England’s next manager will “not just be a mercenary for short term gain”, says Football Association chief executive Martin Glenn.
In the last 20 years, only Roy Hodgson and Sven-Goran Eriksson have managed England through three tournaments.
Gareth Southgate has been in temporary charge since Sam Allardyce left his post after a newspaper investigation.
Glenn said previous foreign managers “haven’t maybe left the international set up in a better place.”
Speaking on BBC Radio 5 live, he added: “In the past we’ve gone for foreign managers who’d be attracted as they might help us win a tournament.”
Glenn said the FA now wants “somebody there for the long term” and that the next manager would have to address the “fear factor” of playing for England.
“We have been very successful at winning tournaments in the development teams,” he said. “The under-21s, the under-19s, when we put our boys up against the best in the world we are winning.
“We’re not translating that enough when it comes to the senior team. We think the difference is psychological preparation, this fear factor when you put on the England shirt.
“The manager we hire will really understand that and will have detailed plans to address it.”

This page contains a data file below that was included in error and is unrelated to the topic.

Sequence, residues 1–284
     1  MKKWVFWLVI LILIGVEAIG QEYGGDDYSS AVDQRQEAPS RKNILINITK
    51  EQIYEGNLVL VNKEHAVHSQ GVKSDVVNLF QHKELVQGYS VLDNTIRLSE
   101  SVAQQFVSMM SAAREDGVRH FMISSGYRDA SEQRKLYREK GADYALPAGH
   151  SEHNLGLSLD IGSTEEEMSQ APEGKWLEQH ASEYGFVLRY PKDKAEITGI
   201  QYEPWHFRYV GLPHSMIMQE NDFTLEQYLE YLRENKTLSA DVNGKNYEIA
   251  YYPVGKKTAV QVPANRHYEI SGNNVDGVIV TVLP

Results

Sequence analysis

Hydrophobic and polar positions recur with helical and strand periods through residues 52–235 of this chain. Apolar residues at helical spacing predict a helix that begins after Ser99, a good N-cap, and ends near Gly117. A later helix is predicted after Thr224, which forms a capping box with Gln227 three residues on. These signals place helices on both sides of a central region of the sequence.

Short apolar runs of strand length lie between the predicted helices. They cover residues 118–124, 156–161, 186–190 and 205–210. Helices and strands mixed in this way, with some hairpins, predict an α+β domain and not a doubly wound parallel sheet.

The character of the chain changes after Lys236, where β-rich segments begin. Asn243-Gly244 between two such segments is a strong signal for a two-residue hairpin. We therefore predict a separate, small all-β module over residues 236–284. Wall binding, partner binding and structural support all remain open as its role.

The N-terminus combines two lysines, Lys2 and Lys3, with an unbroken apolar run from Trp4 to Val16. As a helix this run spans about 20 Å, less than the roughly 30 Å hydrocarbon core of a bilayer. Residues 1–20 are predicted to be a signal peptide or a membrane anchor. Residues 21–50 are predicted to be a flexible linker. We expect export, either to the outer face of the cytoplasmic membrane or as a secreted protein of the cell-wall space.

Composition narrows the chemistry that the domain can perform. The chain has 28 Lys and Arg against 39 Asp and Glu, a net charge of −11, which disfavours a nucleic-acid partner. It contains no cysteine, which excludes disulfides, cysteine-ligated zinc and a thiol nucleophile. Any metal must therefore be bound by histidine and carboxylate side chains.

England won their first game under interim manager Southgate, a 2-0 success over Malta in a World Cup qualifier. They drew their next qualifier away to Slovenia 0-0.
Southgate will remain in charge for the qualifier against Scotland at Wembley on 11 November and the home friendly with Spain four days later.
“He will almost certainly be a candidate. It’s up to him to decide whether he wants to do it,” added Glenn.
England exit a ‘tragedy’ for Allardyce
Ex-England boss Sam Allardyce stepped down after just 67 days, admitting he had made an “error of judgment” in advising undercover reporters that it was possible to “get around” player transfer rules.
Speaking to BBC Radio 4’s Today programme, Glenn described the loss of the England role as a “personal tragedy” for Allardyce.
He said: “The FA is responsible for a lot of things, in particular people look to us for both making and applying the rules.
“The issue we had with Sam was that in implying he could help people circumvent the rules, we felt in every other situation in the next few years – any marginal call we took about fining a club or a player – we would have that thrown back in our face.
“We have to apply the rules consistently. This would have impaired our ability to do that.”
Article source: http://www.bbc.co.uk/sport/football/37772794